Normandy, France - June 6, 1944. The biggest amphibious operation im military history. 175 000 American, British and Canadian soldiers landed in Normandy. The Canadian 1st Parachute Battalion along with other divisions such as the 3rd Canadian Infantry, the RCN minesweepers and RCAF, made the deepest penetration of all Allied forces. 359 Canadians were killed.

And so it went on. Soldiers from a Nordic society seeking recognition and independence liberated Dieppe, Antwerp and Holland. During the Post-War era, Canada was a key member in establishing the United Nations. Canadians were to take help their American friends in Korea, Vietnam, the First Gulf War with Iraq and the War on Terror in Afghanistan. In a symbolic moment of the Golden Age of Canadian identity, Maurice 'The Rocket' Richard became the first NHL player to score 50 goals in 50 games. Canada's eminence and their place in the world was limitless.

Alas, there was a limit. A price ceiling if you will. Contemporary Canadian leaders exhibit an inability to fully grasp this country's true spirit. Once a rugged and individualist nation with limited government that understood its role in the world, Canada is now a rudderless, misguided collection of 'follow the polls' politicians. Canada is now a nation that demands government handouts in the form of equalization payments for its provinces and subsidies for its industries. It is a nanny state in comparison to what it once was.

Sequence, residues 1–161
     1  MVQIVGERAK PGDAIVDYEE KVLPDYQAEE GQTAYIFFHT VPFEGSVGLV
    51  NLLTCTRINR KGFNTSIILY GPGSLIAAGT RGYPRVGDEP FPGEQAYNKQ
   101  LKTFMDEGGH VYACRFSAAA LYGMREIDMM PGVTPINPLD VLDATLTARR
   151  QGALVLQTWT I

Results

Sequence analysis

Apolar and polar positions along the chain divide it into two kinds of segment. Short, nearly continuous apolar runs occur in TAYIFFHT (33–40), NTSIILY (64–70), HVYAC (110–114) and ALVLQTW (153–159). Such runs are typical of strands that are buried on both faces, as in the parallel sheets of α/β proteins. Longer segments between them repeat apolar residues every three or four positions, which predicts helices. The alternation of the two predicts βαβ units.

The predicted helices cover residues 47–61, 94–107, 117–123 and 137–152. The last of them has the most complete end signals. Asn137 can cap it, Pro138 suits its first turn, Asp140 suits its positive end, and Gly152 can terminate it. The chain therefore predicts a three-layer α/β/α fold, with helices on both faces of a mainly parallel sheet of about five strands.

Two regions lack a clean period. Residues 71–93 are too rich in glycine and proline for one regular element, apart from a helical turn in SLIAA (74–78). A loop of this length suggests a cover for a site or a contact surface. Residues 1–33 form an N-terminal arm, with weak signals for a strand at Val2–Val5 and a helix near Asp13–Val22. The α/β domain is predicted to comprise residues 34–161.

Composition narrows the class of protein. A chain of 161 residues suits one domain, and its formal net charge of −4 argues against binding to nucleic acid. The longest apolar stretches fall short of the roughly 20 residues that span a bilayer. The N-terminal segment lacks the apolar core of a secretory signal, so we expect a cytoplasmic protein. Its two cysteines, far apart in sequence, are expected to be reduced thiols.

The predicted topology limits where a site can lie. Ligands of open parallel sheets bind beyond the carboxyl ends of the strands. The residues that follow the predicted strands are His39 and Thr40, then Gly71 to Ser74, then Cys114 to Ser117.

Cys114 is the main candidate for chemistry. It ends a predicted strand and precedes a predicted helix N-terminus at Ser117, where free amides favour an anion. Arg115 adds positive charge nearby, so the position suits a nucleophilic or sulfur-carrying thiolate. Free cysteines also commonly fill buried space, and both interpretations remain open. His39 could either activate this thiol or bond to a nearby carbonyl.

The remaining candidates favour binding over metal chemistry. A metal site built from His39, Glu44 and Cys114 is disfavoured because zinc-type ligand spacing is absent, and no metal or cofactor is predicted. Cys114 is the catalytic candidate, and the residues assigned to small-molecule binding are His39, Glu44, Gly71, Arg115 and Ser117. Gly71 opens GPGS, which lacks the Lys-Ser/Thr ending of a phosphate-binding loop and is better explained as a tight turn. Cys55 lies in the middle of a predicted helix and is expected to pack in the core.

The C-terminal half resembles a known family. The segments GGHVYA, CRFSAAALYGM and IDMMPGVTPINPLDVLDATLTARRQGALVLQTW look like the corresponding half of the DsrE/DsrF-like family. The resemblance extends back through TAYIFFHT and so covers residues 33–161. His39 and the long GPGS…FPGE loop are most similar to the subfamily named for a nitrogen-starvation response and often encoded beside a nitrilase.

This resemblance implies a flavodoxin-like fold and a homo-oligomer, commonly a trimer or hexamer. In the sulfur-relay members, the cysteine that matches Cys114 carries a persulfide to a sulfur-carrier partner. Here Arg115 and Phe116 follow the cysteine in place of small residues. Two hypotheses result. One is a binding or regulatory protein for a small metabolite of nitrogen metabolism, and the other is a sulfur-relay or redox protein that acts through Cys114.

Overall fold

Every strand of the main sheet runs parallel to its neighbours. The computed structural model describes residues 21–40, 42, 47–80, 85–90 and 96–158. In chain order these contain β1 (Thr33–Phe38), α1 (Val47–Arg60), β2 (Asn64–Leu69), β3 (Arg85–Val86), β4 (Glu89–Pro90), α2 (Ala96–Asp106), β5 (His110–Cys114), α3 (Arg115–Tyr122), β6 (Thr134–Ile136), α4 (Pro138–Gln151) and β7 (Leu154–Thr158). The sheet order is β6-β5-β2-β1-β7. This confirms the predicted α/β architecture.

Canadians no longer stand on their own two feet. The must be propped up with a cane. Canadians seem unaware or disinterested in returning to a time when we really mattered. In a larger sense, some citizens in the West have taken to mocking our liberties. They forget that liberty is a precious commodity that is sought after by wicked people. They forget, in their rebellious questioning, that once upon a time freedom was threatened and fought for. It is no womder why some downplay what we face today. Propaganda perhaps. It's a good kind though. Peace at all costs has a downside. We must seek it but not in compromise. We have been fed a whole wagon of leftist special interest jargon. In the process of our well-intentioned and vain social engineering, we have forgotten who we are. The first casualty was our military.

A first gesture to recovering a sense of ourselves is to make sure we take a moment to reflect and recall the sacrifices made by a generation on Rememberance Day, November 11.

1 comment:

  1. Anonymous11/09/2005

    Thank-you for reminding us to take time on November 11th to reflect on how many sacrifices our military personnel have made. It is so very important.
    (Aside: thank you for the info about the autism charity)